To that end, one forward-looking solution that would bring electoral equity to the U.S. Senate would be the adoption of a constitutional amendment that would allow states to voluntarily relinquish their right, guaranteed under Article V of the Constitution, to two Senate seats. States voluntarily relinquishing their right to two Senate seats could then place those two seats in a collective with other states, to be deemed “States in the Common Interest,” thus providing a path to fair Senate representation. A provision in the amendment itself, which would give Congress the statutory leeway to determine the rules for Senate election, could result in either fair representation based upon geographic boundaries, or better yet, nationwide elections of U.S. Senators with minimum vote count requirements.

The achievement of a multiparty – and equitable – U.S. Senate would afford all Americans the chance to advance their authentic political values on a level playing field in a modern, mobile nation, where our beliefs about the proper role of the federal government begin and end with our political consciences, not mere lines on a map.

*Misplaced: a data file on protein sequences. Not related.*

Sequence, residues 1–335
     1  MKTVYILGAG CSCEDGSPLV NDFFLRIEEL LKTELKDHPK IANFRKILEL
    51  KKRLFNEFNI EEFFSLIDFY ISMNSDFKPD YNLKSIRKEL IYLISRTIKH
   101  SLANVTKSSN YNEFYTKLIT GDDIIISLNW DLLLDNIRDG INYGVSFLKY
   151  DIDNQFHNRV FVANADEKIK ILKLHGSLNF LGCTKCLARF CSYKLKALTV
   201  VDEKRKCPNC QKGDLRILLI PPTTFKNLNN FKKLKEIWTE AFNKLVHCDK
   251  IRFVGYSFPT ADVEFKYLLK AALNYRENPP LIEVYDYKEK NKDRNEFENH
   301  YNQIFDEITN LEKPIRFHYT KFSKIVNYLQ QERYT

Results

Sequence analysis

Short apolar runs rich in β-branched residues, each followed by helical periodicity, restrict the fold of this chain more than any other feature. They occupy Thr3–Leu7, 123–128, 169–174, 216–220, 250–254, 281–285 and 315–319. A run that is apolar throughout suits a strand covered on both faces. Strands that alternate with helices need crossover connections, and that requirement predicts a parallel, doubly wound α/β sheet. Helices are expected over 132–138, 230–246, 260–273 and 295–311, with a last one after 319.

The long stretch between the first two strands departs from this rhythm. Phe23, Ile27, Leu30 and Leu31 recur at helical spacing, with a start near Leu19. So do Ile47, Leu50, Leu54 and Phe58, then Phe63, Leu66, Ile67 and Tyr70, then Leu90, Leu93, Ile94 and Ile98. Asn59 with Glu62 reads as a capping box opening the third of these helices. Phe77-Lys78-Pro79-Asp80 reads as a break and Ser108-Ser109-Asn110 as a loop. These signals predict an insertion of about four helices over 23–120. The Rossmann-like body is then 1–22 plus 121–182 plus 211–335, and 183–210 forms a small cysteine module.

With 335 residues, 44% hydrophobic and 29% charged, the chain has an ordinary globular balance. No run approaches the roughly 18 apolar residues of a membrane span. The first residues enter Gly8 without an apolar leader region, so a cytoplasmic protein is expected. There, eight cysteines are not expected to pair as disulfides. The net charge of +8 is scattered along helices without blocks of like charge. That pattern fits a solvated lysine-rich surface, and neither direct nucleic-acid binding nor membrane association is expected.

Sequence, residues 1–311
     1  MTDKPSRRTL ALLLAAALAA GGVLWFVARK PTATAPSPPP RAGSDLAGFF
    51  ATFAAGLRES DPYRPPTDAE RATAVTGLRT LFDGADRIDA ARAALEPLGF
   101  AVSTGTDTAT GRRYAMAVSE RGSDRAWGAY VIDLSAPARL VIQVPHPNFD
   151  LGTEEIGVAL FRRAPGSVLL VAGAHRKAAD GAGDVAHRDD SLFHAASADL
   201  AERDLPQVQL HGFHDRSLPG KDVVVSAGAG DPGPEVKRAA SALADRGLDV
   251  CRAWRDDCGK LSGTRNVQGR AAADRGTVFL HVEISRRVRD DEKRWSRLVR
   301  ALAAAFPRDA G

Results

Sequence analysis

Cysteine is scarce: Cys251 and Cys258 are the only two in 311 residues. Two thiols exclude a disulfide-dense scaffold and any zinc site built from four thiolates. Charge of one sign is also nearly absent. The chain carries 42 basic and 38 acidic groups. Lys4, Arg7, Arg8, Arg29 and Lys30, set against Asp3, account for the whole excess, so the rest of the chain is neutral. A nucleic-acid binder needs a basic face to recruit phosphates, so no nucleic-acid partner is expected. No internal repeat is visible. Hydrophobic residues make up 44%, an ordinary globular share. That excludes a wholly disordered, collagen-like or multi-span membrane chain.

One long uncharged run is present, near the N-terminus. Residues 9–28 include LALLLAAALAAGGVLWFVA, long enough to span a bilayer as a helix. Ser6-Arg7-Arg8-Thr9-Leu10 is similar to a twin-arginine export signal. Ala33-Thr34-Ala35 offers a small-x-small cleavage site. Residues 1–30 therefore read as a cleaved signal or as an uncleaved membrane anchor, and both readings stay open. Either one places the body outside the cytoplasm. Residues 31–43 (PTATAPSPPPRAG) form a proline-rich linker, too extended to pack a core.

Democratic Senate contender Heidi Heitkamp of North Dakota, and other Democrats from small states, politician or not, should think about why their political consciences matter so much more than the majority of Americans whose voices and influence are suppressed by the antiquated U.S. Senate structure.

The Tenants Who Would Be Barons

by Timothy Villareal